I think its fair to say that all human beings enjoy a good story: it’s why we read, go to the cinema or theatre, watch soap operas, and even sport. All good stories have a beginning, a middle and an end. Indeed, many of us can perhaps remember being told to make sure that the stories and essays that we wrote as children (maybe even as adults) were structured like this. A good story doesn’t just depend on its structure for good stories are brought to life by their characters. In many, most, good stories the entirety of the plot depends on one central character.
Today’s readings are taken from the beginning (Genesis), the middle (Luke) and the end (Revelation) of the bible. Like most good stories the plot starts of well and comes to a good conclusion. The trouble and the place where the plot is developed, and thickened out, is in the middle. The reading from Genesis ends with the most wonderful words: ‘And the man and his wife were both naked, and were not ashamed.’ The reading from Revelation provides us with a picture of heaven, that place where we will to borrow, Charles Wesley’s words find ourselves ‘lost in wonder love and praise,’ singing songs of ‘everlasting praise.’ In the meantime we find ourselves in that post-Eden and pre-Revelation place where shame, sorrow, fear and downright exhaustion really do exist and bear down on our souls. I would like to strongly suggest that Luke 8, 22-25 isn’t simply an historic account of an event long ago, but a current reality, a place where many still exist.
Fear, anxiety, shame and the experience of trying to navigate our way through the storms and tribulations of life are in many ways characteristic of the human condition. In fact I would go so far say that anyone who tells you that they have lived, and continue to live, a life free from any sense of shame, anxiety, fear and foreboding and outright fatigue may well be something of a fantasist. However, if we capitulate to such feelings and emotions, if we allow them to dominate our lives, we are also in a very dangerous place, not just on our own account, but as the Fifth Gospel, as people who are supposed to signpost for others a way through the trials and tribulations of life to that final place of Revelation.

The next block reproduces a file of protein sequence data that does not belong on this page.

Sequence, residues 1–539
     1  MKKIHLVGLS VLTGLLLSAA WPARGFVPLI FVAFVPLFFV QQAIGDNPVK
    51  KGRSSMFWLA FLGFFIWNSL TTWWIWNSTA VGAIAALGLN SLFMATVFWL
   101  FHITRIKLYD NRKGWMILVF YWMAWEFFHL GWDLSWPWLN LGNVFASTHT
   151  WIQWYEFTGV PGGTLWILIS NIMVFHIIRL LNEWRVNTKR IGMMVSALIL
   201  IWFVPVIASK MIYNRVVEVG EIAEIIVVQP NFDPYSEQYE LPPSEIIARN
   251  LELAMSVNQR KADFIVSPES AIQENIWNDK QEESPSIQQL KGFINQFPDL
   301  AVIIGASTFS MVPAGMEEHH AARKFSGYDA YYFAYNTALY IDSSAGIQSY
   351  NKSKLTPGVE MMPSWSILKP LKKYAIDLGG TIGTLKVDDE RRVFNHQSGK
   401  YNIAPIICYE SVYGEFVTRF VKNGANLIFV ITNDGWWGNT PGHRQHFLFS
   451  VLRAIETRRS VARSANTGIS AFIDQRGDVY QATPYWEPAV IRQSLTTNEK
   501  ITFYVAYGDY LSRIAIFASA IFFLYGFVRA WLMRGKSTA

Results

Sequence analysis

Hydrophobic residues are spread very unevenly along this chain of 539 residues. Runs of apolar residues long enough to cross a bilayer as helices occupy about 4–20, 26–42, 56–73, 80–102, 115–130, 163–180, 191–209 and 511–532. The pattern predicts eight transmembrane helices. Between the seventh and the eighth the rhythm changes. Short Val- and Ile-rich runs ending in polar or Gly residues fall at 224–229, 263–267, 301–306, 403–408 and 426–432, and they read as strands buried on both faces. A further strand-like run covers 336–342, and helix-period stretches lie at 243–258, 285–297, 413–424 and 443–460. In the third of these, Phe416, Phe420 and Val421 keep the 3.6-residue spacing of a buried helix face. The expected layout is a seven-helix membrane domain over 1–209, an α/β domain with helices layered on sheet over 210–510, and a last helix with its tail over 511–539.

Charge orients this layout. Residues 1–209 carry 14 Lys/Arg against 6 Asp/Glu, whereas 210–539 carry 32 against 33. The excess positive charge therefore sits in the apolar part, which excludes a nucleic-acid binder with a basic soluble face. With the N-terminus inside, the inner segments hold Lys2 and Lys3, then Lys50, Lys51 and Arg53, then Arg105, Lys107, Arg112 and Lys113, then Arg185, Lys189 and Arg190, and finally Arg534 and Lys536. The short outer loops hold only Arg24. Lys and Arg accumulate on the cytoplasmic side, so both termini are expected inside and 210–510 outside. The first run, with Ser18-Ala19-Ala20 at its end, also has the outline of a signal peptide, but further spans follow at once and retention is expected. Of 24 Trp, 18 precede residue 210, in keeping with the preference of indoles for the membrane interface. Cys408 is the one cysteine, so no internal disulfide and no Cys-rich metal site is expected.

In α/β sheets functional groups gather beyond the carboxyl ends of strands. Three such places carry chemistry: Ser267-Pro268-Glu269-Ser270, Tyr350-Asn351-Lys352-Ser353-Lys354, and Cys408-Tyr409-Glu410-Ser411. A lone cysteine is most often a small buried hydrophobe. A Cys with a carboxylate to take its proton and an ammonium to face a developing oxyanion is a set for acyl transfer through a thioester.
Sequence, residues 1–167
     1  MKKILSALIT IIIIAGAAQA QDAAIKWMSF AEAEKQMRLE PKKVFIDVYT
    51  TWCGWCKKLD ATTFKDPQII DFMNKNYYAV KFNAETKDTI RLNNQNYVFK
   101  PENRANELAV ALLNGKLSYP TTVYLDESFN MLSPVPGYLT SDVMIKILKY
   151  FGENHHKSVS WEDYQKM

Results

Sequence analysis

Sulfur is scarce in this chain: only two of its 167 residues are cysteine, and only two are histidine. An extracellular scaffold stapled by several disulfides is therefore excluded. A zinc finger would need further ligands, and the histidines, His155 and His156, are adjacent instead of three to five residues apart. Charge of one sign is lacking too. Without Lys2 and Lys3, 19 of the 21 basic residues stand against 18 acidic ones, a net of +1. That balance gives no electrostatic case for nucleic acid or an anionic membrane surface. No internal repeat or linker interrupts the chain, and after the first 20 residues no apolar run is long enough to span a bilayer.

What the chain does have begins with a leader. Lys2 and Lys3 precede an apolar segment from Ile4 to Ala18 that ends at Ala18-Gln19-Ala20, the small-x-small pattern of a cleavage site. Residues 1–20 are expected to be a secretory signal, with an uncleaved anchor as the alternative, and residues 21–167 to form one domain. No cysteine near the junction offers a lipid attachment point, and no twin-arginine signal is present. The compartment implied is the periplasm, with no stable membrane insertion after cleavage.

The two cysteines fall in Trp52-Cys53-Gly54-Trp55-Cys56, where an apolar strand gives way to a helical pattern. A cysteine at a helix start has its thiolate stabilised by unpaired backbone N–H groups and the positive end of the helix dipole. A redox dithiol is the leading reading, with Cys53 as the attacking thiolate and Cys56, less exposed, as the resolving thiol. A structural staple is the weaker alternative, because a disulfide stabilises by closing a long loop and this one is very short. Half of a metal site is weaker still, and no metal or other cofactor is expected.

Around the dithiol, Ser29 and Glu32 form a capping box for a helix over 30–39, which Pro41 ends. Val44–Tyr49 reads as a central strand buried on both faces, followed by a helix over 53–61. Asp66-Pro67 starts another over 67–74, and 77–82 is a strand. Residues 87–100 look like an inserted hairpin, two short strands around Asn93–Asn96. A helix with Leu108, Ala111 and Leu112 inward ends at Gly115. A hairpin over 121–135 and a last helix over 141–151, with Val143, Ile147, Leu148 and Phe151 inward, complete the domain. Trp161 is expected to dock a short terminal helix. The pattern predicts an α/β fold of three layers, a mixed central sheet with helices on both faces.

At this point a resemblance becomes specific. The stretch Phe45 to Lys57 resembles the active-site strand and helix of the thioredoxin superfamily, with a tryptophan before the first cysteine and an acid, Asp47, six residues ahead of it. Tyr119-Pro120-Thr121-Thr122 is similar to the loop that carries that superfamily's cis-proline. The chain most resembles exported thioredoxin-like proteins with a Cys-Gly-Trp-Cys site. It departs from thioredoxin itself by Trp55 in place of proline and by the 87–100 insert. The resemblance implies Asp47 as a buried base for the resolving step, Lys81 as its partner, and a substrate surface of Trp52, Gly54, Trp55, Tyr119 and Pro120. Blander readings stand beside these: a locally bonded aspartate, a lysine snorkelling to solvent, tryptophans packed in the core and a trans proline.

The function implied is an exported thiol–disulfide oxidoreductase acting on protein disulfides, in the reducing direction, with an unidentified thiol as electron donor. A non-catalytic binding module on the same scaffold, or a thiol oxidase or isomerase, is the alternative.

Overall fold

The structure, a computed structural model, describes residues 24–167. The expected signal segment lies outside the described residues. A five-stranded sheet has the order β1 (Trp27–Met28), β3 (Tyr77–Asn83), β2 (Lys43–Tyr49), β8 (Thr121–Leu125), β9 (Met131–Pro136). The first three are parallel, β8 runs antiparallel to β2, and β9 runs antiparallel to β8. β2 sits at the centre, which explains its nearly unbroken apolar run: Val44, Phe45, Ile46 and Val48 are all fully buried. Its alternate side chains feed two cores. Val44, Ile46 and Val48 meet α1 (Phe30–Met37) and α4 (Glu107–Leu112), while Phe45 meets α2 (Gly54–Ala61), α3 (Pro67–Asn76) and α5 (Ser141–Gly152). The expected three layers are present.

What we need to make sure we do each and every day is to enthrone Jesus as the central character in the plot of life. We need to make sure that he is always in the metaphorical boat with us and that we allow ourselves to be navigated by Him. We need to become his sailors, His devoted lieutenants and the way we do this is through developing our inner stocks of hope and faith. Jesus asked his disciples: ‘where is your faith?’ He is asking the same question of us today. He asks it not just for our own sake, but for the sake of the world, for ‘where is your faith,’ is not an unreasonable question to ask of all who claim to be Christian. Lent, which we are about to enter in a couple of weeks, provides a wonderful opportunity to develop and relocate our faith. The way we do this, the way we learn to pass our version of the Yacht Master exam, is through our commitment to prayer, reading Scripture and the receipt of the sacrament. As I have said before, and will keep saying, these three really are our Christian essentials.
So please do take your pew sheets home and reflect on the bible passages for yourselves and do say your prayers. We have also included a quote on the pew sheet for you to reflect on: I will try to keep this going as a Lenten discipline! Please also give serious consideration to coming along to the Lent course. As individuals in community let us commit to making sure that Jesus is the central character in our story, and that our faith is entirely located in Him; the one who takes us from Eden, through the choppy waters of life, to that place of ultimate and glorious revelation where we find ourselves ‘perfectly restored’ before Him ‘lost in wonder, love and praise.’